Date of Graduation


Document Type


Degree Name

Doctor of Philosophy in Philosophy (PhD)

Degree Level





Thomas Senor

Committee Member

Eric Funkhouser

Second Committee Member

Richard Lee


Trinity, Christian doctrine, positive Social Trinitarian model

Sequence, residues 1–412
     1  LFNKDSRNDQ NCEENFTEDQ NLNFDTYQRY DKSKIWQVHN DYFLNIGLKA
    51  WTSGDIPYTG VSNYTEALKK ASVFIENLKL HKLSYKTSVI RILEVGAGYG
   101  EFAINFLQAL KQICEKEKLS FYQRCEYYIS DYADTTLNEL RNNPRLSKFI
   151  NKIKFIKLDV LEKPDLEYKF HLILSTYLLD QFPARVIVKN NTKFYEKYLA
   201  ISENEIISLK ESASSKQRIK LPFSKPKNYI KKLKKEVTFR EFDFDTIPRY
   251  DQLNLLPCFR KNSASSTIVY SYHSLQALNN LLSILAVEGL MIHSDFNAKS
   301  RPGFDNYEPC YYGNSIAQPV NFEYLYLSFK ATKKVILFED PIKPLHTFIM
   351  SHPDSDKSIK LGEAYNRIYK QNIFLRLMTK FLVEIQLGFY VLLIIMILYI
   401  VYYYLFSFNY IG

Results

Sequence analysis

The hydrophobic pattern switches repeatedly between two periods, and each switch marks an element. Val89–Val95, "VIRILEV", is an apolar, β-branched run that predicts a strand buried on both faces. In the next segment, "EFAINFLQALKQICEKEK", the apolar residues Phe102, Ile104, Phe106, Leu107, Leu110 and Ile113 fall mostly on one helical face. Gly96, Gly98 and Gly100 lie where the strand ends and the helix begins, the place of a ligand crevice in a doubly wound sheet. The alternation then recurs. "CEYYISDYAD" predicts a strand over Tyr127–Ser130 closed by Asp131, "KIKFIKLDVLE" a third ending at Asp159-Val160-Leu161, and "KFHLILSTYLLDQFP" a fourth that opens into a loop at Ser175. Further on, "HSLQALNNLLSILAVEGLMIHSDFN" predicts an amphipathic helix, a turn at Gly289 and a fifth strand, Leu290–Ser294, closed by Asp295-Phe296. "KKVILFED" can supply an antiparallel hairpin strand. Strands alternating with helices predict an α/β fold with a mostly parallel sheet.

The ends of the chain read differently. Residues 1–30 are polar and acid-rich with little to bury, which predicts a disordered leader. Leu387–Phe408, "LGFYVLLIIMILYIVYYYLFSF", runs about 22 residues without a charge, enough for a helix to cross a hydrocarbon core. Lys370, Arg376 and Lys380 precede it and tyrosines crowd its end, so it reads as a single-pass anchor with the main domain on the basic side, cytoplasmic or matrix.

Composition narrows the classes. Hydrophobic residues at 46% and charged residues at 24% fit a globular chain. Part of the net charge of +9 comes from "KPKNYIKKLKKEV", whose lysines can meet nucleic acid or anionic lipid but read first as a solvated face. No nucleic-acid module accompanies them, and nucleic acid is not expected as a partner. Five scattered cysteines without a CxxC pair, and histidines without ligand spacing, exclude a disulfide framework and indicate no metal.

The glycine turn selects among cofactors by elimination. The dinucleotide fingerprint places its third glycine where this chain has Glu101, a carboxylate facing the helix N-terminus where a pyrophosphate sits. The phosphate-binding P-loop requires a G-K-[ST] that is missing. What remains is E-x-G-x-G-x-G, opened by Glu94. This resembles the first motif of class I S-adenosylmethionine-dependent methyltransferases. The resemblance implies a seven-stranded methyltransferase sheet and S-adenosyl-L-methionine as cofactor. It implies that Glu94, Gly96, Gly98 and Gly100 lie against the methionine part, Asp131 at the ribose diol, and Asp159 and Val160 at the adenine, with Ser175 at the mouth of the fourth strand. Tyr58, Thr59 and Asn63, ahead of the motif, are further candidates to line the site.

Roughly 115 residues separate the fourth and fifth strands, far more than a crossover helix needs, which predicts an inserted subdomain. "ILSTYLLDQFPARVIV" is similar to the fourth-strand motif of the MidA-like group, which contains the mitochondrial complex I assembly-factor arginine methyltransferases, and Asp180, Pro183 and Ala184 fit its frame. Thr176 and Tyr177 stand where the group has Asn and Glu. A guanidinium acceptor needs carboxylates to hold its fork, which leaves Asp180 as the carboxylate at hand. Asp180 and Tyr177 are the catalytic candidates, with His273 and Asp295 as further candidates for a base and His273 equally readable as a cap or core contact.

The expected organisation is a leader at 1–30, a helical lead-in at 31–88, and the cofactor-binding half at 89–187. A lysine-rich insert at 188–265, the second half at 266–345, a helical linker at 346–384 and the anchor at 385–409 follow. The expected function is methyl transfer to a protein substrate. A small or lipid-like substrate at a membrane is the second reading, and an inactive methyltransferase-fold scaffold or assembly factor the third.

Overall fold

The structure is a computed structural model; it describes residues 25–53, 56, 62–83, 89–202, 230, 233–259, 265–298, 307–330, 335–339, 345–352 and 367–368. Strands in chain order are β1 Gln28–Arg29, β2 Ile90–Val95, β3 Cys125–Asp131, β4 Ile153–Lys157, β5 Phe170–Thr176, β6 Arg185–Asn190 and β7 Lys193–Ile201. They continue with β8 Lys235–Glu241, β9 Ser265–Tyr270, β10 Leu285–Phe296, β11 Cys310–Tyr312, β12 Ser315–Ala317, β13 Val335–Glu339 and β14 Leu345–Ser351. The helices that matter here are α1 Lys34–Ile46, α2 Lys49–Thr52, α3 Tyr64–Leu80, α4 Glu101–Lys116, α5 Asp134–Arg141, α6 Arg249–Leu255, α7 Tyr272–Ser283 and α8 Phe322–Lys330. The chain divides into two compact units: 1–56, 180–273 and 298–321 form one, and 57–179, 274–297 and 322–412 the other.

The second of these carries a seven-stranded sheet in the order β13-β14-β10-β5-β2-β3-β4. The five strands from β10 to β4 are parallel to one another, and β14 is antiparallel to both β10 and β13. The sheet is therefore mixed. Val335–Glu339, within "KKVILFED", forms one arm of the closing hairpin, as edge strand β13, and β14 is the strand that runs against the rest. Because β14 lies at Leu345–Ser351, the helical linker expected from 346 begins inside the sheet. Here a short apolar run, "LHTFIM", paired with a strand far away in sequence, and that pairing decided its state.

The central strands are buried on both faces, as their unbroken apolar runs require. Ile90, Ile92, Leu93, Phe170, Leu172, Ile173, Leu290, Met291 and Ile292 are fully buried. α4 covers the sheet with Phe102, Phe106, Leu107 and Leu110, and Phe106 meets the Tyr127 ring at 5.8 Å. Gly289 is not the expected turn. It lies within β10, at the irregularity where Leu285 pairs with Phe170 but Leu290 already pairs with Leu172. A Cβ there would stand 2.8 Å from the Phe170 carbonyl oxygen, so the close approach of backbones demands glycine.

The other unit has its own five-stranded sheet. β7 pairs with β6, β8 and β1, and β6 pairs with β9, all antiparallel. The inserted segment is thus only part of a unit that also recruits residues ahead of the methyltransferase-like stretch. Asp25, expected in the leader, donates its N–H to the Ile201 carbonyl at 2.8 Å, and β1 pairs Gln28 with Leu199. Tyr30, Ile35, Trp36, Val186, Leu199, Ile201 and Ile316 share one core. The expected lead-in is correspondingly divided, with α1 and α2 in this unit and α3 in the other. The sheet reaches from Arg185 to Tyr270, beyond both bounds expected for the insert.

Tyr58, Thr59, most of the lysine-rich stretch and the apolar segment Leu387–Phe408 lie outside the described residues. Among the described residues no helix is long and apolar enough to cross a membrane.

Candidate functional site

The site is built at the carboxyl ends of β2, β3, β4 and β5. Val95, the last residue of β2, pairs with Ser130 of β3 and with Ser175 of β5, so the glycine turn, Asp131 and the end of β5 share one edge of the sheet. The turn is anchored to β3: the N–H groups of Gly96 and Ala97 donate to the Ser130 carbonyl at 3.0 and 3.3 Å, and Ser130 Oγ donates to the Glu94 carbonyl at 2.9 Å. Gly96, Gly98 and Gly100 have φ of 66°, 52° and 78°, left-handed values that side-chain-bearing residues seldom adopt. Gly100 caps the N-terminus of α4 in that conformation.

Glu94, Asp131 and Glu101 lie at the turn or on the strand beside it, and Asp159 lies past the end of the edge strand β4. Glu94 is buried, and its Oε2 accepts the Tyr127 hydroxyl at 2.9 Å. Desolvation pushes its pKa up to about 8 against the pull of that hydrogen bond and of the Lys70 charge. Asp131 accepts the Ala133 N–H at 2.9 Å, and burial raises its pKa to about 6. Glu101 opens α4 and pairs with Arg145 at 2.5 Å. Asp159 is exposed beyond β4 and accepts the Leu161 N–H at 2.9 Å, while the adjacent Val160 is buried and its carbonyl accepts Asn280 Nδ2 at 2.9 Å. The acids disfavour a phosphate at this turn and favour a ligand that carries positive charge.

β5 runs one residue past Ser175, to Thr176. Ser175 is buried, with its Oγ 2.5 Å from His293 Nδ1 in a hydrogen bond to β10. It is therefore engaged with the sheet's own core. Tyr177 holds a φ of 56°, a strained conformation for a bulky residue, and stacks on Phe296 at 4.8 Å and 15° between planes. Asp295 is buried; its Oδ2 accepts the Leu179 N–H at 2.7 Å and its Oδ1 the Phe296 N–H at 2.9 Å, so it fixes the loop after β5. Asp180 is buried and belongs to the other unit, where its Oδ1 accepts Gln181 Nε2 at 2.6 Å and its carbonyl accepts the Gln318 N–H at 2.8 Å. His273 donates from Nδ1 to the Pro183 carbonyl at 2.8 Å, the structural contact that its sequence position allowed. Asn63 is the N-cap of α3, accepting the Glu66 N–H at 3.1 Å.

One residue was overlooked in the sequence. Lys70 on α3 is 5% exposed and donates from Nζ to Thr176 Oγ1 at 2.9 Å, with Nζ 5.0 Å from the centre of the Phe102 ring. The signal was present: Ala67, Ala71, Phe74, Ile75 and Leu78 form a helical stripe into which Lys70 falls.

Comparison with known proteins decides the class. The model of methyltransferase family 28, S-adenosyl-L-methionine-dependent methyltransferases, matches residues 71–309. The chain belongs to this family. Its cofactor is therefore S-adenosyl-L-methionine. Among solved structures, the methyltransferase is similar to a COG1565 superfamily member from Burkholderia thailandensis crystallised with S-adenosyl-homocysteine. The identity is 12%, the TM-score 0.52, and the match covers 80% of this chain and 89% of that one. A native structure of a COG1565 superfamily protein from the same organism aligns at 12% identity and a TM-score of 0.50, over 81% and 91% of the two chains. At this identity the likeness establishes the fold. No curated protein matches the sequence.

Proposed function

The doctrine posits that God is one being, but three persons. The orthodox parameters for affirming the Trinity are found in the early Ecumenical Creeds of Christendom, especially the Nicene and Athanasian Creeds. Four primary affirmations emerge as a summary of the essential content of the doctrine: (ONE): There is one God; (THREE): The Father, Son, and Holy Spirit are distinct divine persons; (FATHERSOURCE): The Father is the source of the Son and the Holy Spirit (perhaps with the Son, perhaps not); and (EQUALITY): The three persons in the Trinity are ontologically equal; none is greater than any of the others. These four desideratum reveal a logical tension that must be alleviated to consistently uphold the doctrine. This dissertation argues that the doctrine of the Trinity is logically coherent and seeks to reconcile the tension between ONE and THREE by means of the Composition as Identity (CAI) thesis, and seeks to reconcile the tension between FATHERSOURCE and EQUALITY by presenting as will-independent the generation of the Son and the Holy Spirit. The motivation for the doctrine comes from both a posteriori analysis of Christian Scriptures and creeds, and from a priori Perfect Being Theology. This dissertation presents an a priori argument for the Trinity based on the concept of love. If God is the Greatest Conceivable Being, it is argued that God must possess the great-making property of love to a maximal degree. It is argued that only a being who efficiently and essentially engages in all four aspects of love—self-love, love-given, love-received, and love-shared—is perfect, and that only a triune being can efficiently and essentially love maximally. This dissertation presents and defends a positive Social Trinitarian model of the Trinity which argues that God is identical to the Trinity, and that incorporates CAI and emphasizes the will-independent generation of the Son and Holy Spirit. Because the doctrine requires precision, recommended usage of key terms is also presented.